This section is from the book "A Text Book Of Materia Medica, Being An Account Of The More Important Crude Drugs Of Vegetable And Animal Origin", by Henry G. Greenish. Also available from Amazon: A Text Book of Materia Medica : Being an Account of the More Important Crude Drugs of Vegetable and Animal Origin.
Coal-tar is obtained by the destructive distillation of coal in iron or clay retorts. The gaseous products that are formed during the process constitute ordinary illuminating gas; the liquid products are a watery solution of ammonium carbonate, sulphide, etc, and a heavy, dark, viscid, tarry liquid, coal-tar. The retort contains a porous, carbonaceous residue, coke.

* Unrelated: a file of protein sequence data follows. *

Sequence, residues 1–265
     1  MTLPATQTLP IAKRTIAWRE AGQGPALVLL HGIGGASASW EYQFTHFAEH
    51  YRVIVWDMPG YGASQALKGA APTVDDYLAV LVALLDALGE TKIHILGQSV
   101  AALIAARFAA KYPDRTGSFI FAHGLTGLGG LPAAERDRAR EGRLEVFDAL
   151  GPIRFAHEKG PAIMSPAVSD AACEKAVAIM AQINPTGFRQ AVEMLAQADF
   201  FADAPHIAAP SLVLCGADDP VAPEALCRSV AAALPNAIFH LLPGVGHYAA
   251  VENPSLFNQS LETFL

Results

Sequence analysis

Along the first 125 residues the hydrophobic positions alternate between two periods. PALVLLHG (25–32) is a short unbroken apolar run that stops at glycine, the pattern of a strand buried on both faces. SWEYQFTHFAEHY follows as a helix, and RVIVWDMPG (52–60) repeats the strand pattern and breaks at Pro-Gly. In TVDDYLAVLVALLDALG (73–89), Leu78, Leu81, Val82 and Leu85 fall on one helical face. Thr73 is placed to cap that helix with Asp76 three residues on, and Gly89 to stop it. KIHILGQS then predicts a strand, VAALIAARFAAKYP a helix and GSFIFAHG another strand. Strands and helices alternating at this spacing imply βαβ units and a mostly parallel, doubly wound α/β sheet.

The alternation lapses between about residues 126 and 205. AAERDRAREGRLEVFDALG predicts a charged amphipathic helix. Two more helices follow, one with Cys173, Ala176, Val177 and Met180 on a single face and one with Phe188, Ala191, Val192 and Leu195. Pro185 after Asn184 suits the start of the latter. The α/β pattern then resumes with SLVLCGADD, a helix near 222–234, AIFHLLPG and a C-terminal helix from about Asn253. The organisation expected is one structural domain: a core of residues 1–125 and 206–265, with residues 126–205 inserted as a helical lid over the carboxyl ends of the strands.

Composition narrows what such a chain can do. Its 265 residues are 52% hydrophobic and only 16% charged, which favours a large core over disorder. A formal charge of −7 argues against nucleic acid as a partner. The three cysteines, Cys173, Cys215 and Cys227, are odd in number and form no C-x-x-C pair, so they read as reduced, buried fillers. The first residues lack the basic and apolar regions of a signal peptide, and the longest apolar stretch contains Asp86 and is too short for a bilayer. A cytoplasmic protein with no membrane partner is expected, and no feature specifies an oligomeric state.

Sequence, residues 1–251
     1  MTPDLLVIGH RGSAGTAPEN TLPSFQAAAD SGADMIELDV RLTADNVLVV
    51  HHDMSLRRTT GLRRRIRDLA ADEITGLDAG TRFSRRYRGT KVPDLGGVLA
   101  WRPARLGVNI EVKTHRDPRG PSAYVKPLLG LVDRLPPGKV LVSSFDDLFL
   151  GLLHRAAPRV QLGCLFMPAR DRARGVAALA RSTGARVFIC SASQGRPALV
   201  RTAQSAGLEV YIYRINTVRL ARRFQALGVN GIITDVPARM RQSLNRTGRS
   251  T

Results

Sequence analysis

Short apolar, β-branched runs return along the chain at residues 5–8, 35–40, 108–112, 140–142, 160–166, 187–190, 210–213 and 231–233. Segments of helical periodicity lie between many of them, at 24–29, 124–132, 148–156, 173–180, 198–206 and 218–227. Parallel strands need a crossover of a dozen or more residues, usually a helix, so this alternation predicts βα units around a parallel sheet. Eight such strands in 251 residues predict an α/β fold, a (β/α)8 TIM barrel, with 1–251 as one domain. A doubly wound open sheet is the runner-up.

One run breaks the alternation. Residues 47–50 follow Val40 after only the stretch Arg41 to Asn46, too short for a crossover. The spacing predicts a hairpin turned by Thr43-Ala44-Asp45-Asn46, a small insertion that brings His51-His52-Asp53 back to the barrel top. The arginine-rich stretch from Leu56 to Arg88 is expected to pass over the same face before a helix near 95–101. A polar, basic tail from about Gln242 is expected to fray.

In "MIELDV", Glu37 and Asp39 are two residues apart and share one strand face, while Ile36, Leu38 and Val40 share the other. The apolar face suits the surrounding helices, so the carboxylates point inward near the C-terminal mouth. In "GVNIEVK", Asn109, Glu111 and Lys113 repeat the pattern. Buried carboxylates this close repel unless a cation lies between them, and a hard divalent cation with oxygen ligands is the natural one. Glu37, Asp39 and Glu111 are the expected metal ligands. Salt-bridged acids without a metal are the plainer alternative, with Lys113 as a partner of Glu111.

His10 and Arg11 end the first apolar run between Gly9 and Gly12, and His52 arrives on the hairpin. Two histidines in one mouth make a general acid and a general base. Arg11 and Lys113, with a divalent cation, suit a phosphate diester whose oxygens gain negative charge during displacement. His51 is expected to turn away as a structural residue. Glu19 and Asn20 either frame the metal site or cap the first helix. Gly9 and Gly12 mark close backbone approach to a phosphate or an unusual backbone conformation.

Coal-tar is a nearly black, viscid liquid, with a strong, penetrating, disagreeable odour; it is heavier than water, its specific gravity varying from 1.1 to 1.2. It is only slightly soluble in water, to which it imparts an alkaline reaction (distinction from wood-tar). It consists of a large number of substances, amongst which benzene, toluene, xylene, phenol, cresol, naphthalene, anthracene, and pitch may be mentioned. For further details see Martin, ' Industrial Chemistry, Organic,' p. 415.
The chief medicinal use of coal-tar is as an antiseptic application in certain skin diseases.